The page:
Amendment To Farm Bill Could Be End To Humane Farming Standards

CATANIA, Italy:  Picture taken 29 October 2005 shows caged battery hens in a chicken farm in Catania, Sicily. Despite reassur
CATANIA, Italy: Picture taken 29 October 2005 shows caged battery hens in a chicken farm in Catania, Sicily. Despite reassurances from government and animal health experts over the threat of bird flu, chicken consumption has nosedived across Italy where consumers feel they are on the front-line of a possible flu pandemic. AFP PHOTO FABRIZIO VILLA (Photo credit should read FABRIZIO VILLA/AFP/Getty Images)

A proposed amendment to the $1 trillion federal farm bill is of concern to both states’ rights and humane farming advocates as Congress looks to finalize the bill passed in the House earlier this year.

The Protect Interstate Commerce Act, introduced by Rep. Steve King (R-Iowa), would amend the farm bill by limiting states’ power to supervise their own farming standards. Under the legislation, states would be banned from enacting farm product regulations stricter than what other states mandate.

The bill would overturn several state laws, namely California’s Proposition 2, a farming standards statute passed in 2008 requiring that calves raised for veal, egg-laying hens and pregnant pigs have enough room in their quarters to lie down, stand up, fully extend their limbs or wings and turn around freely. Two years later, Governor Arnold Schwarzenegger signed into law a requirement that all eggs sold in California be produced under Prop 2’s standards. Such a law, he said, was necessary to protect California’s egg farmers from out-of-state egg producers taking advantage of Californians’ compassion for livestock.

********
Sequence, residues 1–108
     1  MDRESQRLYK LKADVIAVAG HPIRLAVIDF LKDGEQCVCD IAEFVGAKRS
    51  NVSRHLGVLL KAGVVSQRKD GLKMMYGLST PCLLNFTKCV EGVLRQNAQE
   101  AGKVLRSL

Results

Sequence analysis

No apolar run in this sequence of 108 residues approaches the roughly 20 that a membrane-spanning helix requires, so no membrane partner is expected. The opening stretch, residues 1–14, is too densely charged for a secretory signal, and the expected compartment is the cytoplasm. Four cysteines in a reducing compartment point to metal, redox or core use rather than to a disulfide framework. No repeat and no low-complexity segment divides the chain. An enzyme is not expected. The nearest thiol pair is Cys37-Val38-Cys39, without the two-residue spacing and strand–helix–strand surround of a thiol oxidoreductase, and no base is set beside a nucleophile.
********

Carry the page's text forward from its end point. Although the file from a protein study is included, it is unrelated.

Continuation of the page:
That egg law now sits at the center of King’s fight to pass his amendment.

“This restriction places an incredible burden on farmers across the nation to spend up to as much as $40 per hen to completely restructure entire farming operations,” King wrote in a 2012 newsletter. “Regardless of how they're produced, eggs are already regulated by the Federal Egg Inspection Act, which ensures all eggs entering interstate commerce are safe for the consumer.”

King’s home state of Iowa happens to be the nation’s largest producer of eggs by a longshot, producing even twice as many as second-largest producer Pennsylvania.

According to the San Francisco Chronicle, Democratic Sens. Dianne Feinstein (D-Calif.) and Barbara Boxer (D-Calif.) and several House Republicans have written letters saying the amendment would override 12 state restriction on firewood enacted to fight invasive pests and five state laws mandating labels for farm-raised catfish.

The proposed amendment doesn’t bode well with proponents of states' rights either. The bipartisan National Conference of State Legislatures wrote to the House and Senate agriculture committees on Tuesday, Nov. 12, asking them to pass the farm bill without the amendment.

King’s act would “erode state sovereignty by preempting state laws protecting our nation’s food production and manufacturing as well as increase state administrative costs,” the group wrote.

But King points to the constitutional power of Congress to regulate interstate commerce as means to prevent excessive trade barriers that would stunt the national economy.

“It is unconstitutional for Iowa farmers, for example, who strenuously work to follow the law, to be told by other states how to care for their animals,” King wrote.



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